Jim and Ramon live part-time in the northwest United States and consider Casa Dos Sueños a getaway. Photo: Carlos Rosado van der Gracht / Yucatán Magazine
Since a new Mérida home was a dream come true for them both, it seemed fitting that Jim Jones and Ramon Alvarez named this ethereal blue beauty “Casa Dos Sueños.”
The dream started in Puerto Vallarta, where the two U.S. residents were visiting regularly for about 20 years.
“By the time we got around to being in a place where we could actually afford it, it was out of our reach,” says Jim. “And after five or 10 years, there’s not much to do there, either.”
A fairytale spiral staircase leads to the master bedroom while anchoring the courtyard, which connects the sala and the kitchen. Photo: Carlos Rosado van der Gracht / Yucatán Magazine
The dream was also to have a place that belonged to them both. For a while, Jim worked in southern Oregon and Ramon was in Spokane, Washington — a distance of about 11 hours. On weekends they would meet at Portland, Oregon, roughly a halfway point between them.
“While we were apart, Ramon was watching HGTV and saw Mérida on one of the “House Hunters International” shows. They weren’t aware of Yucatán’s charms previously.
The facade on Calle 60, south of the Plaza Grande, before and after Casa Dos Sueños was born. Photos: Contributed (inset), Yucatán Magazine
They don’t remember which one triggered the notion to go check it out, but “downloaded every single episode that was related to Mérida and just binge-watched it.”
The first visit was New Year’s Eve 2017. They stayed at the Gran Hotel above Starbucks, less than a mile up the street from where they would eventually renovate a property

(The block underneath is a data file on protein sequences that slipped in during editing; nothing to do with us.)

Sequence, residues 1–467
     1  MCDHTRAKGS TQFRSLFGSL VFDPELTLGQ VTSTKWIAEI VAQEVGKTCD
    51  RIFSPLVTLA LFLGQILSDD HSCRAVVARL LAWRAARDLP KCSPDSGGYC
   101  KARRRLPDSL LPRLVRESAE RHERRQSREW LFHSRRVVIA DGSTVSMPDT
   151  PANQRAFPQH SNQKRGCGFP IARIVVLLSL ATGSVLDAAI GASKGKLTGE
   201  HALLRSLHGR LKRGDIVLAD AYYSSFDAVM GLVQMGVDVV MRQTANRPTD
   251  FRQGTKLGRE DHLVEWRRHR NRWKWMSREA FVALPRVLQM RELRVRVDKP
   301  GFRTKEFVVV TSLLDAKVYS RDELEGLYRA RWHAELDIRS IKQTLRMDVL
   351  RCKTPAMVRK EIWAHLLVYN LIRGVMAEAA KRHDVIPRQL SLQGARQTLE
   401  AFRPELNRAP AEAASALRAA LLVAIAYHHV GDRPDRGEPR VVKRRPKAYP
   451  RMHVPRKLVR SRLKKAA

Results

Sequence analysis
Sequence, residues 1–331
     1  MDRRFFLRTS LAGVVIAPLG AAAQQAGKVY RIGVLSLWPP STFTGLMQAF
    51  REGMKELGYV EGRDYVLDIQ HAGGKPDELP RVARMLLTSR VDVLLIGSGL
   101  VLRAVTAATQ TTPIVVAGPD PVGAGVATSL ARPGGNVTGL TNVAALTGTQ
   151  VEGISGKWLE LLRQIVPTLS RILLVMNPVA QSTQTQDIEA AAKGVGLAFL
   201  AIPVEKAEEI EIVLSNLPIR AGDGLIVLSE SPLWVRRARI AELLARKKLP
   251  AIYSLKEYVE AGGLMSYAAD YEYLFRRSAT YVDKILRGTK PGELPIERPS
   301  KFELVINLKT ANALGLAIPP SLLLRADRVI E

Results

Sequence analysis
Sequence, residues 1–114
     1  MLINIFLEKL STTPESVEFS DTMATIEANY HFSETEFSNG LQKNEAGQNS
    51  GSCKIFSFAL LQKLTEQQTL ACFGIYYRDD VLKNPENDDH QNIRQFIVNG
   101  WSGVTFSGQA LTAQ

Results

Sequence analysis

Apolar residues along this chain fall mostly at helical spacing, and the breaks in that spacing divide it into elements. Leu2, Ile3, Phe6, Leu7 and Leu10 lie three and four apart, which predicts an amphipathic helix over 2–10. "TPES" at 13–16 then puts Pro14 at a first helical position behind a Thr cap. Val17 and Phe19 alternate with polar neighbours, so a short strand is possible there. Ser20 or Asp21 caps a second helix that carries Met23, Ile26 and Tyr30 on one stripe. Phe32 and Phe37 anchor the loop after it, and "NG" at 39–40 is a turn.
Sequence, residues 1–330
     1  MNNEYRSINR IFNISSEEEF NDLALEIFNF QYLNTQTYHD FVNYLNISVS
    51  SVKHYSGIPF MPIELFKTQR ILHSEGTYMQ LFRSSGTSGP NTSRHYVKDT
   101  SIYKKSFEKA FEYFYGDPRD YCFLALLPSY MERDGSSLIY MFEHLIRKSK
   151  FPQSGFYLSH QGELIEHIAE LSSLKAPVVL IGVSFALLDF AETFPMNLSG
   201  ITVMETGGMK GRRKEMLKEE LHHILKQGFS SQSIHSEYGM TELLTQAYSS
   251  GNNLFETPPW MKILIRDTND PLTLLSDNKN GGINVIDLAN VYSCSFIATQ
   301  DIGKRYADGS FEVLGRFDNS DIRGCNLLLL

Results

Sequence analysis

“We just walked all the way over the city in the Centro and just fell in love with it,” says Jim. “The architecture, the people. Our second trip, we were walking down and we said ‘this is it.’”
Renovation is perhaps in their blood, and they had an eye for a ruin’s potential after buying, renovating and later selling an 1855-1890 “kind-of-a-dump” Victorian in Connecticut. They also restored a derelict Craftsman-style home back West, turning that into a rental property.
A Mexican hideway at Casa Dos Sueños in Mérida, Yucatán. Photos: Carlos Rosado van der Gracht / Yucatán Magazine
This property was previously used as an automotive air conditioning repair shop. From the comfort of the terrace, Jim points to where there was parking, and where two other rooms and a bathroom are now unrecognizable.
After overseeing building here, Jim says his Spanish has improved: “I’m pretty much fluent in food and fluent in construction.”
The house they built runs along traditional lines, with romantic neoclassical elements. Sculptures, reliefs, and architectural details — like a giant wall in the front courtyard finished with the Mayan Cross stone technique. Colors are soft and calming.
The house is south of the Plaza Grande, which loosely demarcates the city’s economic divide. Most modern construction is happening in the north, toward the beach. But they are pleased with their neighborhood, which they appreciate for its local mom-and-pop businesses, a neighborhood market, and for having fewer expats.
“One of the reasons we wanted to move to Mérida is there are fewer expats than Puerto Vallarta, so being in a neighborhood that doesn’t have as much of that is good,” Ramon explains “And so there aren’t the malls, but this house has a garage, and there’s a car, and so we can travel wherever we want to.”
And a walk to Santa Lucía takes 20 minutes, tops, for their favorite restaurants.
The pair worked closely with Jessica Park Zavala of the four-year-old architecture firm Park Estudio. She arrived this day for a brief “watch party” in the living room for their home’s segment on Trasmuro, a YouTube channel that delves into what’s “behind the wall” at renovated homes in Yucatán. As it happens, the show dropped on the day of Jim and Ramon’s 27th anniversary together, in their new home in Mérida.
Dreams do come true, even in pairs.